COMMENT: Sporadic mental health support is worse than none at all

Mental health month, which runs throughout October, prompts the usual ‘check-in with your friends’ discussions and posts across social media.

However, it never lasts. 

One in four people in the UK suffer from a mental illness according to mental health charity Mind, and despite days that promote support and attention towards mental health, there is still not enough recognition that people suffer daily.

Mental illnesses are constant, daily battles for people who suffer, and when a branch of support is extended, then snatched away so quickly, it can be even more detrimental to the mentally ill, than if the branch was never offered in the first place.

Community support worker Cariad O’Brien works with children in Kingston and believes days or months dedicated to supporting those with mental illnesses can cause more harm than good.

“We should be talking about mental health more frequently,” she said.

“The more normal it is to talk about it, the easier it will be for people who suffer from mental health difficulties to integrate with other people, and not be limited to the communities they have forged with other sufferers.”

#BeKind

According to Samaritans, there were 5,691 suicides in England and Wales in 2019, 321 more than the year before.

Suicide affects anyone and everyone, be it personally or through the death of a well-known celebrity.

The death of Caroline Flack in January earlier this year prompted mass support online of #BeKind, a hashtag created in 2017 by a mother who lost her son to suicide.

However, within just a couple of months, the media was back to judging celebrities with a fine-tooth comb, such as Will Smith and Jada Pinkett-Smith this summer.

“The death of a celebrity often divides people,” O’Brien said. “Is it selfish to take your own life or is it a valid option for people who no longer want to live?”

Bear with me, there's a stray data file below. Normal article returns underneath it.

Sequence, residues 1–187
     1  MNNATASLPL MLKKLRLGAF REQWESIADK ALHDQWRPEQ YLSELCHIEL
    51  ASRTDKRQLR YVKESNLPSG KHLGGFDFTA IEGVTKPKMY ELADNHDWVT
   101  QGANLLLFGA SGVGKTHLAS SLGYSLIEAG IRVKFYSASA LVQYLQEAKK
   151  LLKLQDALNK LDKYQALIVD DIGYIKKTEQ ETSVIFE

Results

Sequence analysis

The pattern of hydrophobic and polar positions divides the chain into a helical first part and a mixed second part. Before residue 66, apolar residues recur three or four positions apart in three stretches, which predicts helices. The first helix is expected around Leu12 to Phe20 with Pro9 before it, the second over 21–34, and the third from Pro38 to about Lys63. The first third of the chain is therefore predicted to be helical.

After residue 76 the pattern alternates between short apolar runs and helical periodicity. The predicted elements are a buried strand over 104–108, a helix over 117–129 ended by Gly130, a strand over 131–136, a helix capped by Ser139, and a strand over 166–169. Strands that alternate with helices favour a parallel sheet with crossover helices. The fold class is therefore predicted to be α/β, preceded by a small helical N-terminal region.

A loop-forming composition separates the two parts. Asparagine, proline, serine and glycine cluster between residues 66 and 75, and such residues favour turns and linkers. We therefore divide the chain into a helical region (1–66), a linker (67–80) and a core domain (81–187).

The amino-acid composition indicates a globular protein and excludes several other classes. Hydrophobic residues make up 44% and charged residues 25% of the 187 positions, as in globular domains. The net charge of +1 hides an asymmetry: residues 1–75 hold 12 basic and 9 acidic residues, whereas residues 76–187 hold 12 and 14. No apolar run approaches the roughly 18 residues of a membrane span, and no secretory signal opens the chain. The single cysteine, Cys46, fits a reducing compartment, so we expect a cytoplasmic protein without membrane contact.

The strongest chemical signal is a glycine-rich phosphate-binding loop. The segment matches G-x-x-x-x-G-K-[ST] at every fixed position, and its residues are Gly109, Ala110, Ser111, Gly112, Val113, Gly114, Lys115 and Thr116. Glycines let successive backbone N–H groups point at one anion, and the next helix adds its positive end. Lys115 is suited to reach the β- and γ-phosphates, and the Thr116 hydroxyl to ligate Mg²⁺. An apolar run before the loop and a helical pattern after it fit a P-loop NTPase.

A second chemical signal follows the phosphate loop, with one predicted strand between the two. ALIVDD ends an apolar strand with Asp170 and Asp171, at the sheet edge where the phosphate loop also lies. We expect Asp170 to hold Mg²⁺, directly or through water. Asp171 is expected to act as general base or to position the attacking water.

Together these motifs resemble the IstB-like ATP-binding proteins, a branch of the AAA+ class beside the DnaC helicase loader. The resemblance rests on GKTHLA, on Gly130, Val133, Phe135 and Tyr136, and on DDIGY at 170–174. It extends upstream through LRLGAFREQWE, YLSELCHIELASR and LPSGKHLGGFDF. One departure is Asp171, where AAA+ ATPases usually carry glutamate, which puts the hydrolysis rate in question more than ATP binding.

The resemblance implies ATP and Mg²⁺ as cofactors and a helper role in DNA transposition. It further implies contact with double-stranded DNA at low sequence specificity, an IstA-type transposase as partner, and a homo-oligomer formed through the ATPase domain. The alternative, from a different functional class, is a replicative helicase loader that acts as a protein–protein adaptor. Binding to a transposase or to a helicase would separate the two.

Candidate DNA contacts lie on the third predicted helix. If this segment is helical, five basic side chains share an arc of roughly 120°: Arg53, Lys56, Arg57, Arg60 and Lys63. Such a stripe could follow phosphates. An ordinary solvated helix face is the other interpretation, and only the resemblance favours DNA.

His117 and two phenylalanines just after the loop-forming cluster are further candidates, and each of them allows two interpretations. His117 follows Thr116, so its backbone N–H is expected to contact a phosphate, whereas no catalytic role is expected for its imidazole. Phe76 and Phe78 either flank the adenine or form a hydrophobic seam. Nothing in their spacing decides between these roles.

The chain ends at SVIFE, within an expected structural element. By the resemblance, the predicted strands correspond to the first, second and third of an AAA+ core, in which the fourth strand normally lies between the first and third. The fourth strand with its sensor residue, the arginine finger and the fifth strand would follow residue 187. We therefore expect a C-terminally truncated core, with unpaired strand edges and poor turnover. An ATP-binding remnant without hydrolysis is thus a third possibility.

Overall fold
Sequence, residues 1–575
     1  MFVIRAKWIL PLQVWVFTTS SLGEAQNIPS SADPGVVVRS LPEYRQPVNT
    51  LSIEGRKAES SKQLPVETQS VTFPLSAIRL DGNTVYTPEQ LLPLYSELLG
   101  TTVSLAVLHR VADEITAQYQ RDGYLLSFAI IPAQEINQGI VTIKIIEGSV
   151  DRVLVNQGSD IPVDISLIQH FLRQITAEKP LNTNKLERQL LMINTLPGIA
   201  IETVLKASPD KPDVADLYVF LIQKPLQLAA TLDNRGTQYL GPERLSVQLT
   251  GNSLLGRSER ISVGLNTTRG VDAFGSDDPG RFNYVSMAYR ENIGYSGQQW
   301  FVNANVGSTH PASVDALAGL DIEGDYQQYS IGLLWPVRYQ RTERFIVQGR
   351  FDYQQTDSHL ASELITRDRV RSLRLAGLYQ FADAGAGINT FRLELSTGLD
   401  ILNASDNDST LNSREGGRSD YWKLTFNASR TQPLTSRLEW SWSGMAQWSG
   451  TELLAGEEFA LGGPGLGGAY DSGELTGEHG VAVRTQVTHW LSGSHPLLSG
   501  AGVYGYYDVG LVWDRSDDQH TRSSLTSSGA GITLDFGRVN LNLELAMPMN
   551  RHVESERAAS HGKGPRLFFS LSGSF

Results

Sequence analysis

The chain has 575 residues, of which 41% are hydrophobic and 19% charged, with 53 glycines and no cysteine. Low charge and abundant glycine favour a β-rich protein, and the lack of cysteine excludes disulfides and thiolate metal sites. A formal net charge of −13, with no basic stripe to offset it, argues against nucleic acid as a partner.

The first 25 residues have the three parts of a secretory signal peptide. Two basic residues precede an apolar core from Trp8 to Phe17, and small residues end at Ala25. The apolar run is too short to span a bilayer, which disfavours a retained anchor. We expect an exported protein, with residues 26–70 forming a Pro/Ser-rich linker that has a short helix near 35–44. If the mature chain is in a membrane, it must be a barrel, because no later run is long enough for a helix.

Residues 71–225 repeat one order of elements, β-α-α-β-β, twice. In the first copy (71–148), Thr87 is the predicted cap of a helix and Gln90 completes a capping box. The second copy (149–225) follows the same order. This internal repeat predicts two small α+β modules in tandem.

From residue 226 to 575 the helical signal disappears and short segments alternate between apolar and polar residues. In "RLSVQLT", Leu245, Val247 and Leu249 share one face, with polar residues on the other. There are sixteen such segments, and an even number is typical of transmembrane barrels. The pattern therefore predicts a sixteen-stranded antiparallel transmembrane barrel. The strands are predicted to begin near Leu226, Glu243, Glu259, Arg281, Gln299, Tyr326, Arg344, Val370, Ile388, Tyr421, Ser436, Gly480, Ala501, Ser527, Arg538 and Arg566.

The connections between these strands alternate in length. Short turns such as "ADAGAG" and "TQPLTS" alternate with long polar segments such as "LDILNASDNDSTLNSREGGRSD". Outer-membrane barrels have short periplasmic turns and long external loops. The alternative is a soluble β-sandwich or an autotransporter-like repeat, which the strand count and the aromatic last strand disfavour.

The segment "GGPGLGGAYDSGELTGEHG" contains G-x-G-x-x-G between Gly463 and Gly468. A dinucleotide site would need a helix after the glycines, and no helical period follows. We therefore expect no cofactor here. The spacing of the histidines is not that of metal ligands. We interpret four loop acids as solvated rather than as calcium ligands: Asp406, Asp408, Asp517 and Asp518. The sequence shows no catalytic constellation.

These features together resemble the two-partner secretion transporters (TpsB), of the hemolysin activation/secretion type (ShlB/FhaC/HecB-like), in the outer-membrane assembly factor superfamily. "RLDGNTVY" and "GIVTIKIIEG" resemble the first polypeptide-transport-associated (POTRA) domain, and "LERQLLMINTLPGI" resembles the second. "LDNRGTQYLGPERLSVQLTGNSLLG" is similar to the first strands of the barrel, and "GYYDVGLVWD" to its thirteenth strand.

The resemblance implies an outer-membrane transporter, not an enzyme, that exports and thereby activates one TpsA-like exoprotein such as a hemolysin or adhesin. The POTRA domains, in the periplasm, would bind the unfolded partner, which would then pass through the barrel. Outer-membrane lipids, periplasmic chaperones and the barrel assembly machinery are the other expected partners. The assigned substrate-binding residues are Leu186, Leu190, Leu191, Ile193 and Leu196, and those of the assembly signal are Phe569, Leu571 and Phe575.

The media seems to focus on this division, and social media has only magnified this, allowing complete strangers to comment on something they did not know the details about.

Instead of speaking about how we can minimise the number of people we lose to suicide each year, it becomes a debate about whether someone should have committed suicide or not, whether their circumstances were deemed “bad enough”.

Karen Penny supports and designs services covering mental health and noted that when mental health is in the news, it generates awareness, but when it is not, it is forgotten about.

She said: “When mental health is in the news, it gets attention and funding starts sloshing down from the Government to ‘sort out the problem’ but it is never sustained to make a real difference.”

The importance of sustaining support seems to be overlooked, with many people feeling like they have done their bit to help the mentally ill when in actual fact they have barely scratched the surface.

Whether people suffer publicly, or privately, it should not matter.

Support should be available at all times of the year, not just when it is in the news, a month is dedicated to raising awareness, or a celebrity takes their own life.

Penny found that change is happening, but it is a slow process.

“Work is being done to offer alternatives, teach resilience, support work around what real people’s lives and body are, as opposed to the idealised fakery that is everywhere,” she said.

There are support groups available, such as Samaritans, or Mind, who carry out incredible work every day, but they cannot help everyone, and their resources will be limited.

It is especially important as we head into the darker, more dreary winter months, to ensure we are doing all we can to be there and to support those suffering from mental illnesses.

Mental illnesses are not phases. Offering support should not be either.

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